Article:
British Flank / Light Infantry Officers Sabre, 1796 to 1803
This is a British interim sabre from between 1796 and 1803, for a Flank or Light Infantry officer. With a wedge section blade, heavily curved, and a 1796 style hilt, this sword was scaled down to fit the needs of an infantry officer and is extremely quick and agile.
The deeply curved, slightly shorter blade is well suited to draw cuts, and the overall lightness compliments the POB (12cm from crossguard)
The reason it can be accurately dated to the interim period of 1796 to 1803 is because of the British war office officially adopting new patterns of sabres in those years.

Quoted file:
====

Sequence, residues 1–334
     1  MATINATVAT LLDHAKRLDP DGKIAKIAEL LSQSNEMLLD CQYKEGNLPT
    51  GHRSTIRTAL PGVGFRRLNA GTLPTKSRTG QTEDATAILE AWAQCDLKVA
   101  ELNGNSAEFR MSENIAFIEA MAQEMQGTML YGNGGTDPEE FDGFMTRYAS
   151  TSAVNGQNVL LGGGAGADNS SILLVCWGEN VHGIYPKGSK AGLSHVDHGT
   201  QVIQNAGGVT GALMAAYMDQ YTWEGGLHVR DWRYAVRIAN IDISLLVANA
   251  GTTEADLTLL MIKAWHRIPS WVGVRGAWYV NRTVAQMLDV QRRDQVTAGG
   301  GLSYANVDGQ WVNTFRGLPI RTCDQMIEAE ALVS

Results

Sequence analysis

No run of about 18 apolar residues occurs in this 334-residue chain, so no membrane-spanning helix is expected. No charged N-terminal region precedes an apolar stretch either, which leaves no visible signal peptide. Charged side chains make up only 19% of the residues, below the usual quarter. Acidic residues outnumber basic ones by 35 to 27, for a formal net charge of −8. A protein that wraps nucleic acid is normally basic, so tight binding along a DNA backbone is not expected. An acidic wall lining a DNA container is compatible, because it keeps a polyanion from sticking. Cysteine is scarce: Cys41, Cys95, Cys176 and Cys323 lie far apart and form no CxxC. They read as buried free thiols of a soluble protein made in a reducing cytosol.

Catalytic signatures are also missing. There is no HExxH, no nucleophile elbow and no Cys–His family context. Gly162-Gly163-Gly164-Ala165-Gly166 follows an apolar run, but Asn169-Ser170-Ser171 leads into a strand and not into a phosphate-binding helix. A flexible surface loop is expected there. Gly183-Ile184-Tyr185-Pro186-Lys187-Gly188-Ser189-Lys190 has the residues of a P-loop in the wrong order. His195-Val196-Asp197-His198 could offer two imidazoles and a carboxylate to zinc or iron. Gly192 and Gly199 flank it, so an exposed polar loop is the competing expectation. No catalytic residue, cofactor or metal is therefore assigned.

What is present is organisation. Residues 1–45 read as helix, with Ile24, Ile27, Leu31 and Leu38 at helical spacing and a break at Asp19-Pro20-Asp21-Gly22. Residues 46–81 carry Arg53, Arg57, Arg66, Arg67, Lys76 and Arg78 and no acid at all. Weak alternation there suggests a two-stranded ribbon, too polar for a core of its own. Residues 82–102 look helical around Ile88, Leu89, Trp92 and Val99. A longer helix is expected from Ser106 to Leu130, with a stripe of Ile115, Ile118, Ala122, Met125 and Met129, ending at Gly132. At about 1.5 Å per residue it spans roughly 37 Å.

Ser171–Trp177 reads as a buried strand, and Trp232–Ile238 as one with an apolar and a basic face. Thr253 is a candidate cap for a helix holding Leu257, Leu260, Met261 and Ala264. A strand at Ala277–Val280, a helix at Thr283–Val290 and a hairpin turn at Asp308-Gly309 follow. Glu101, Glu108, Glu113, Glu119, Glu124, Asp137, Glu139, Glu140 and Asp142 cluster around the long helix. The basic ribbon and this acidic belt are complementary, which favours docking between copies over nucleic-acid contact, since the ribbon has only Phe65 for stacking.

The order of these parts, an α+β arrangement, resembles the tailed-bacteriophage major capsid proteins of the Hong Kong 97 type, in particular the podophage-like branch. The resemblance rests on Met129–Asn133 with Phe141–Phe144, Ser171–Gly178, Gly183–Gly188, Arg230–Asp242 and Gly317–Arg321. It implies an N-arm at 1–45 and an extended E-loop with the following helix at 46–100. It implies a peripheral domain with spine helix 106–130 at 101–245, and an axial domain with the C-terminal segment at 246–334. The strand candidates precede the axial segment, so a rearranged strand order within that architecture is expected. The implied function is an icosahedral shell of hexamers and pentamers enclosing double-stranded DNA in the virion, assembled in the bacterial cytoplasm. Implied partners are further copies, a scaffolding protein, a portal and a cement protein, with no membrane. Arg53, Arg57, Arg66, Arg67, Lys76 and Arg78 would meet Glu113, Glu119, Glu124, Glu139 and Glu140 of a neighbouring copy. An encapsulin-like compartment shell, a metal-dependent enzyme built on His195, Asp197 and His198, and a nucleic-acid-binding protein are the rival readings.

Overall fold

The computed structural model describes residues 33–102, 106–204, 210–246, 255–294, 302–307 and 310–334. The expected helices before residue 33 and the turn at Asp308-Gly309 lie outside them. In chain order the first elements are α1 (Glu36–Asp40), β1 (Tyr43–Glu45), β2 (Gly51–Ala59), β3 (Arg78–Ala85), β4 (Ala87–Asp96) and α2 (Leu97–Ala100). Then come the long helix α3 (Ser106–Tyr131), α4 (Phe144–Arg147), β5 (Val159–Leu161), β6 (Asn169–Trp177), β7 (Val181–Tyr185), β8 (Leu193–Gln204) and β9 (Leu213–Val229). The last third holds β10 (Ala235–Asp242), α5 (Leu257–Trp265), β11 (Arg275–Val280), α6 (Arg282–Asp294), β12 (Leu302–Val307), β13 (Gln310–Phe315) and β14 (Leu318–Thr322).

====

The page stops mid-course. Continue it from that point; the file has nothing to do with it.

In 1796 the (rather well known) 1796 light cavalry sabre was adopted, which this mimics in hilt design, featuring a stirrup hilt (“P” shaped guard) and a curved blade.
Flank infantry and Light infantry officers often engaged in skirmishing tactics and thus officers for these regiments tended to go for more combat appropriate swords than their official pattern (The 1796 spadroon, often considered to be a terrible sword).
As a result of the number of Flank/Light infantry officers using 1796 Light Cavalry sabre derivatives, the 1803 was soon officially adopted for these regiments, featuring a broad, heavily curved blade and a more elaborate and more protective hilt.
This design falls between those two.